slip out o|the
danger
l
o
ne
.
White Fourth Move Alternatives 85
Z
l7
J wc4+
g
4 Cd5
d
Preventing C|4+, but |4. . . h6
was more tenacious, when White
wou|dstil|haveastrongattacking
position.
5 $l4
2 ad8
Bad is ! 5 . . . 3x|4 ! 6 Cx|4+
h6 because o| ! 7 we6.
2 ad wc5
I|| 6 . . Cxd5! 7 Zxd5wc7then
|8 2 xd6! 2 xd6 !9 wc5 decides.
83
w
7 wbJ Cxc4
8 $cJ wa5
wxb7
2c8 (83)
Z0 b|
Diverting one o| the minor
pieces out o| position. I| 2O . . .
wd8or2O. . . wxa2there|o||ows
2| b5.
Z0 Cxb4
2O ... xb4 also |oses. 2 !
C|4+ &|6 2 2 Ch5 + g6 23
wxg7 + xh5 24 wh6+
g4 25
#h3mate.
Z Cl4+ $xl4
86 White Fourth Move Alternatives
22 1xe4+ 1f5
23 1xb4 .US
24 xa7!
White elegantly wraps up the
game.
24 xa7
25 ld6+ qbS
26 1b7
A double blow! 27 ld5 and 27
1 xa7 are threatened.
26 lxc2
27 ldS
White could still go amu
singl
y
wrong here: 27 1xg7? 1xf2+'
27 lxf2
But this idea doesn't work
n
ow.
28 lxfS+ lxf5+
29 1xa7 1-0
6 3
d4
GameNo. 2 |
Kasparov~Auaud
Linares 1991
c4 c5
Z ClJ Cl6
J d4
Fina||y, we come to |ook at
white's other continuation at
move three, which is connected
ithasystemknownastheStein-
itcAttack.
J Cxc4
The other main possibi|ity - 3
. .cd wi||be|ookedat in detai|i n
thc
|ast game o| this book. The
taremove3. . . d5 (84) , maintain-
i ng |ul | symmetry, is worthy o|
+ttcntion.Whitehastop|ayaccur-
+tc|y to make use o|the right to
o
ve
hrst.
4
3g5 (a|ter 4 Cxe5 Cxe4 5

d3
a
position |rom our main

a
mc
arises.Theoryrecommends
4
c
d ed 5 3b5+ c66 we2+ 3e7
7
dc
bc
8 3c4O-O9 O-O 3g4 | O
-
J
w
ith a mi ni mal advantage |or
87
84
w
White) 4 ... de 5 Cxe5 3e7
(in|erior is 5 ... 3d6 6 Cc3
we7 7 Cd5 wd8 8 c4 e6 9
Cx|6+ g| | O 3xe6 3xe5 | | de
wxd|+ | 2 zxd| |g | 3 3c8witha
won position|or White,Basanta
Schwarzmann, St. 1ohn | 988). 6
3c4 O-O 7 O-O C|d7 8 3|4 Cxe5
9dewxd| | Owxd| e6 | | 3b3
3xb3 |2 ab |5 ! 3 Cc3 |7
(moreaccuratewas | 3 . . . c6with
approximate equa|ity) !4 Cb5
(betterwas ! 4 Cd5! 3d8 ! 5 e6+
xe6 |6 3xc7 Cc6 |7 b4) |4 . . .
Ca6 | 5 e6+ |6 | 6 3d2 c5 ! 7
c3 + xe6 with equa| chances
88 3 d4
|or both sides (Smirin-Akopyan,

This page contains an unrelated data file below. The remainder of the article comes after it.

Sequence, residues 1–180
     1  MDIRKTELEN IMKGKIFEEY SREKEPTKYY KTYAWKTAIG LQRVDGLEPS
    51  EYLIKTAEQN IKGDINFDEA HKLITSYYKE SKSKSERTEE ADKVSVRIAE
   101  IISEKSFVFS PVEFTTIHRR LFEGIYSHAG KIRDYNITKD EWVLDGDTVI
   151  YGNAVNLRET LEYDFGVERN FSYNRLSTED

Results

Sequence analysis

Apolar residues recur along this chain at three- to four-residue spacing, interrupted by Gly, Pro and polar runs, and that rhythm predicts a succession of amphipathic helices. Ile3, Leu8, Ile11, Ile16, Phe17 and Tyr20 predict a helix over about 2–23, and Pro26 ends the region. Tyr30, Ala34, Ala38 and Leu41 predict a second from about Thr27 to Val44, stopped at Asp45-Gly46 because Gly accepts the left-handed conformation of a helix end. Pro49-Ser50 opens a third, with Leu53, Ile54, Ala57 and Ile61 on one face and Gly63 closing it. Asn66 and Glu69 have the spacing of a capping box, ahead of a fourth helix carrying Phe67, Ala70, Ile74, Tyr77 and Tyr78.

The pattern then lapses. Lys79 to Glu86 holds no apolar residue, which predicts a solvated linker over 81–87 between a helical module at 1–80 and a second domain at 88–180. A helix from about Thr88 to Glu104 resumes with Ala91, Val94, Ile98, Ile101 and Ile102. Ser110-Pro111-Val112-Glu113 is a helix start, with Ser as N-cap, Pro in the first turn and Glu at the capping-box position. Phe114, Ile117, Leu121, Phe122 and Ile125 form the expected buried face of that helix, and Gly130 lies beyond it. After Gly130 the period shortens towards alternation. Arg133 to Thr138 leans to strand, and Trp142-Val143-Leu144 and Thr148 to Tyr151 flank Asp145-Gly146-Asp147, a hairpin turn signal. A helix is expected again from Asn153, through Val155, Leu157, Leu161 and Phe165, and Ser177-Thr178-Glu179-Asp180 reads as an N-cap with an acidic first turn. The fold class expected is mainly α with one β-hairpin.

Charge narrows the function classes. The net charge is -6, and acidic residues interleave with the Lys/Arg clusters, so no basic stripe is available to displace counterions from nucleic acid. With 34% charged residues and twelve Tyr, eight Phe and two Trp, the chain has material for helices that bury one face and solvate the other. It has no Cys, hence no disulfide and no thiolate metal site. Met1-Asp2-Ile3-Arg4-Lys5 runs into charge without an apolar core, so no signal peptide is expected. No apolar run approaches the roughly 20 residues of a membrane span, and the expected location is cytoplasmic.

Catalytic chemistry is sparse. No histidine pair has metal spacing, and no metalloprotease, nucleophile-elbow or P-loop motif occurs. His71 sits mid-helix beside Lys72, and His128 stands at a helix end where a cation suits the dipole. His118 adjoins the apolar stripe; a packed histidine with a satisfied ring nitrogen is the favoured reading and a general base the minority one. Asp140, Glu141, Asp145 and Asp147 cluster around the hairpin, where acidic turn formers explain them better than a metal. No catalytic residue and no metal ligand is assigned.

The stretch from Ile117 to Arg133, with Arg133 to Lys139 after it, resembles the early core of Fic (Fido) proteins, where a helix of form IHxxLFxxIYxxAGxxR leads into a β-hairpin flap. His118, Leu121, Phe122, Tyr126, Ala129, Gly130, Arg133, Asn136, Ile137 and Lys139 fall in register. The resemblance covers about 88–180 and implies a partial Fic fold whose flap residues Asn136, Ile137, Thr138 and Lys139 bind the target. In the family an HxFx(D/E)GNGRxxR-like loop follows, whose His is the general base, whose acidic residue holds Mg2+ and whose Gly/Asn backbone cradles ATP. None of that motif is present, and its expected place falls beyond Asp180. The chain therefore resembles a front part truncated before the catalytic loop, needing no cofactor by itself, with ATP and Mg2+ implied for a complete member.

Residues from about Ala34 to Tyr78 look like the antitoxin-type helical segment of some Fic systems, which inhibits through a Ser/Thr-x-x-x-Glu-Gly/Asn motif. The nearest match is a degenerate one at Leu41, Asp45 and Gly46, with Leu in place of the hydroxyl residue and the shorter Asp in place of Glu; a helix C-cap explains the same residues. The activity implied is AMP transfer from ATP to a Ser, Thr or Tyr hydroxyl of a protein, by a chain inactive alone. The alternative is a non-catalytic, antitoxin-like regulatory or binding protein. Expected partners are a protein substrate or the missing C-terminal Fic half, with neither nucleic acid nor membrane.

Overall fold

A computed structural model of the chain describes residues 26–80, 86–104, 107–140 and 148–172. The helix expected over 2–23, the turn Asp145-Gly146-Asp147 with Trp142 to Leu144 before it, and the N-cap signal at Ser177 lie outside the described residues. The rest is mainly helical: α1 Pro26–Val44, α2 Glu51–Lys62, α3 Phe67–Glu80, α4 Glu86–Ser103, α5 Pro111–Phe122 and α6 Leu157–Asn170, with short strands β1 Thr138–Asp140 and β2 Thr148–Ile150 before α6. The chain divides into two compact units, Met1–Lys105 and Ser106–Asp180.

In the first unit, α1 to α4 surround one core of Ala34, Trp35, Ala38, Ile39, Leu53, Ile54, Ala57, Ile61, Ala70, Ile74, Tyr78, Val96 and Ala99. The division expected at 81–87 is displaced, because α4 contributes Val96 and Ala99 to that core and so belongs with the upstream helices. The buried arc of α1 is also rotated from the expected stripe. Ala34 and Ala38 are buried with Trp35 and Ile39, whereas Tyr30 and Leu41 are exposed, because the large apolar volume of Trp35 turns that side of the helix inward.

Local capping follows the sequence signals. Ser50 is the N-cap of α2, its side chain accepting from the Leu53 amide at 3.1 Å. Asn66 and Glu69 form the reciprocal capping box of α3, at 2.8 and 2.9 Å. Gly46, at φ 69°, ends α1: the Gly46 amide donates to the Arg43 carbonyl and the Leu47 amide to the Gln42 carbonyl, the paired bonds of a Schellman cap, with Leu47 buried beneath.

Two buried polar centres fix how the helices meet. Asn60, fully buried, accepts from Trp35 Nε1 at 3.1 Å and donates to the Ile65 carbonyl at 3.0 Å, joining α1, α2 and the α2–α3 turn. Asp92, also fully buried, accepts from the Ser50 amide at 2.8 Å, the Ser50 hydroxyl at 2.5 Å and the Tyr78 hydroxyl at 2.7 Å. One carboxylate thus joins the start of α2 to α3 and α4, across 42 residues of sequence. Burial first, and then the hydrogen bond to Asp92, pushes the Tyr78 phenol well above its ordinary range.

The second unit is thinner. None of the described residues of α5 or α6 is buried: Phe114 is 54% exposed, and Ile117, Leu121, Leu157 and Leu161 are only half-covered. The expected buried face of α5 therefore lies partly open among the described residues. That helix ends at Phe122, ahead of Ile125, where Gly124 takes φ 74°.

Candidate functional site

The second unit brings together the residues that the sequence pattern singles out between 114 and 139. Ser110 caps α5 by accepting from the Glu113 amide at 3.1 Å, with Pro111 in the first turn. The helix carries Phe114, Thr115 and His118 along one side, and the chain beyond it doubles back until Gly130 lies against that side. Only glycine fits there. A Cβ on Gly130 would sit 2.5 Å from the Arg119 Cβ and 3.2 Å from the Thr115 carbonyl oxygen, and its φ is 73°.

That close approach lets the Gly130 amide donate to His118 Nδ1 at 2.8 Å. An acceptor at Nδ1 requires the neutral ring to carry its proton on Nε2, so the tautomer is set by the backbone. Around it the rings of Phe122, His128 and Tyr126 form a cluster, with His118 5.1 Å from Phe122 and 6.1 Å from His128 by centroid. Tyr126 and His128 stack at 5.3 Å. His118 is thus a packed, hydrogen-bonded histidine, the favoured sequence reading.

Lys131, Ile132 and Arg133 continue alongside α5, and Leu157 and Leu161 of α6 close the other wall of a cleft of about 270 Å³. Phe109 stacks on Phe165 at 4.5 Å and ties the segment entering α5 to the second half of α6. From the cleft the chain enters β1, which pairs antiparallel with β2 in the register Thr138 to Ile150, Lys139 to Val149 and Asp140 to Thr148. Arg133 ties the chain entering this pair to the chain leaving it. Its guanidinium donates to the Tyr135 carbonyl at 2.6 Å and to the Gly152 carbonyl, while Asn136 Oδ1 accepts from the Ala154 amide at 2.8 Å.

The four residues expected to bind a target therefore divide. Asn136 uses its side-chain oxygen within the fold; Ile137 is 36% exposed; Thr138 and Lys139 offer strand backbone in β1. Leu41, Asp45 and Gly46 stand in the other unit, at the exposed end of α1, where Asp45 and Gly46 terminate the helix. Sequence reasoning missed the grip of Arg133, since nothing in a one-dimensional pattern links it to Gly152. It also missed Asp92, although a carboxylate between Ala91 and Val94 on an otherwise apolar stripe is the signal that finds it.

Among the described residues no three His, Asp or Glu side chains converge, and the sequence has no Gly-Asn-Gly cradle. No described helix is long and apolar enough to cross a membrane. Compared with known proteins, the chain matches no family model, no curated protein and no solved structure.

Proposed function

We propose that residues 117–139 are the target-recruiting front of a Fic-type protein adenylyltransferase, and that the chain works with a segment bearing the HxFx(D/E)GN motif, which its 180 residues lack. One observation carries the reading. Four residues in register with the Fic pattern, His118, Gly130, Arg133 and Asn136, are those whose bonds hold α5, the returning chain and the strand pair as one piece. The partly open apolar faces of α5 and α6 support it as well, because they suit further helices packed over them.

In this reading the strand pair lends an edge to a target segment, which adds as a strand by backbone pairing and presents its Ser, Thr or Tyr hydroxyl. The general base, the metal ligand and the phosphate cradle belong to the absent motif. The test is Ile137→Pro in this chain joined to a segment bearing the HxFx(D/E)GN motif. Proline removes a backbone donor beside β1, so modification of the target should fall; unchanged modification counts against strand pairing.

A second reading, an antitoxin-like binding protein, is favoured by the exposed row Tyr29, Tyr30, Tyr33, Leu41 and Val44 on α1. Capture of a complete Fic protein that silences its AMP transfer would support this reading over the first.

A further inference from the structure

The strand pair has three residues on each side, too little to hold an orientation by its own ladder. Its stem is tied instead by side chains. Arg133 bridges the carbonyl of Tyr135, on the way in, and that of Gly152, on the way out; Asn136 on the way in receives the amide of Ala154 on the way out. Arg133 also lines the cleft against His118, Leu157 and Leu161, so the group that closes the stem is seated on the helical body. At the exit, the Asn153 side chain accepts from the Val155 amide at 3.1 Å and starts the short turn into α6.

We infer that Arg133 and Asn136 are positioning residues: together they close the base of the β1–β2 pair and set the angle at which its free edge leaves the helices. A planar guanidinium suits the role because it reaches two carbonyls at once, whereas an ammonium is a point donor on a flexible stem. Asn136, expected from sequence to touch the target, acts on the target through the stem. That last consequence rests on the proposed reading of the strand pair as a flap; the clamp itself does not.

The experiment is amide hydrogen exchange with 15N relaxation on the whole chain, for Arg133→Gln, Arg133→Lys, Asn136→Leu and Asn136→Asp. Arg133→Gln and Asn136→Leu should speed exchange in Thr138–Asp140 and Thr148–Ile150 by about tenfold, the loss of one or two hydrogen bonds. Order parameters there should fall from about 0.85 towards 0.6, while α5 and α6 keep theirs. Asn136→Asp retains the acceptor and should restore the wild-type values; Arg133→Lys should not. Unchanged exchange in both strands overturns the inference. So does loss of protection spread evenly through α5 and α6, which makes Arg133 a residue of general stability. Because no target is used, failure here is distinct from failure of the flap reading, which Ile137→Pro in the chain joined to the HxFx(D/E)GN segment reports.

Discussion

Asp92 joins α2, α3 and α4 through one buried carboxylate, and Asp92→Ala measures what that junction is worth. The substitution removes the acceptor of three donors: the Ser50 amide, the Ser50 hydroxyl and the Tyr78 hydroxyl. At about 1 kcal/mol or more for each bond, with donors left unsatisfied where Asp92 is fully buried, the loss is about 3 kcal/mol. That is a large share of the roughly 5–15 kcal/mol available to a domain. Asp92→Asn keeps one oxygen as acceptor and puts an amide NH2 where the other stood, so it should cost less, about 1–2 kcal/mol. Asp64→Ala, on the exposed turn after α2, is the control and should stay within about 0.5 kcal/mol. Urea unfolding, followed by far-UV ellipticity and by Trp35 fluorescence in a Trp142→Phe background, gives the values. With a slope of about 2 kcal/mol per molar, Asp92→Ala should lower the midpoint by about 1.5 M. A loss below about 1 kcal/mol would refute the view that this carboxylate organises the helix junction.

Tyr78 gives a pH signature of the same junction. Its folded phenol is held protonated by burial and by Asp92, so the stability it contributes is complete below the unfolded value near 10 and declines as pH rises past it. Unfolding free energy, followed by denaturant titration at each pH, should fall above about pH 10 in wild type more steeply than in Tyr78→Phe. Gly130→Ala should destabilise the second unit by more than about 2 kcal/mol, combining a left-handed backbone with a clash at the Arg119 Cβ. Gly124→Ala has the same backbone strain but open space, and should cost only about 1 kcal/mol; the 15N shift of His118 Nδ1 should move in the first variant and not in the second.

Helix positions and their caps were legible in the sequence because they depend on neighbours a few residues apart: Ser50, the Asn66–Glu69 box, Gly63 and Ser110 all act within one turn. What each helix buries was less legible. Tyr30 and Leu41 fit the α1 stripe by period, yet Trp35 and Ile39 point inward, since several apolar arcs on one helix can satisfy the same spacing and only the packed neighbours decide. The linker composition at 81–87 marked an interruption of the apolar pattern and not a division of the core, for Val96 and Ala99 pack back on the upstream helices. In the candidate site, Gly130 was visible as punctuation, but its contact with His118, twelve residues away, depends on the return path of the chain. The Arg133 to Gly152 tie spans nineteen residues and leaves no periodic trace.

Vi|nius l 988).
4 $dJ
A|ter4Cxe5d65C|3aposition
arises that we studied i n detai|
ear|ier by transposition (3 Cxe5
d6 4 C|3 Cxe4 5 d4). l n the
openingmonographs there isevi-
dence that B|ack easi|y equa|ises
a|ter 4 we2 or4 de. ln the game
Ba|ashovMi kha|chishin, Minsk
l 985, as a resu|t o| 4 de d5 5
Cbd2 |5' 6 Cxe4 xe4 7 d3
Cc6 8 O-O e7 9 Ze ! 7b4' | O
we2 Cxd3 | | cd x|3 | 2 wx|3
B|ackobtained exce||entchances.
4 d5
5 Cxc5
Here 5 de i s not approved o|
by theory. Possib|y on|y Grand-
master Romanishin p|ays this
move today . 5 . . . Cc6 6 O-Og4
7 Cbd2 (in RomanishinEhlvest,
Yerevan | 988, a|ter 7 Cc3 Cxc3
8 bc e7 9 @el Black made a
serieso|i naccuratemoves9. . .
wd7 | O h3 h5 | | zb l Cd8 | 2
e2 c6 | 3 c4 dc | 4 wxd7 + ;xd7,
having over|ooked the thrust | 5
e6+! . A|ter on|y hve more
moves | 5 . . . ;c7 l 5 . . . |e l 6
Ce5+} l 6 e|Cx|7 | 7 xc4 d6
l Cd4 @ he8 |9 Ce6+ ;d7
2O zxb7+, B|ack resigned) 7 . . .
Cxd2 xd2Cd49 e2Cxe2+
| Owxe2wd7 | l h3x|3 | 2wx|3
c5 l 3 c4O-O-O | 4zadl we6 l 5
g5 zd7 l 6 zxd5 z xd5 | 7 cd
wxe5 !
-
!
(Romani shi n-Ma
|a
|y
chev, Frunze | 985).
85
w
5 $ d ([
)
The continuation 5 . . .
e
is
somewhat passive, so there|o|e
B|ack has a choice between t|e
o|d 5 . . . d6 and the modern
5
. . Cd7. Games22 24aredevotec
tothemorepopu|ar knight move
0-0
An amusingnove|ty l prepa|ec
with lgor Zaitsev at one o| oa|
training sessions |ong ago was t
w|3!. This idea was tried oat in
ZaitsevYusupov, Yerevan l 9,
but it turned out that a|te| e .

we7 7 O-O O-O 8 Cc3 Cxc3 9


c
-
xe5 |O de wxe5 | | |4 |e
1 2
wg3Cc6Whitehasnothingbett
er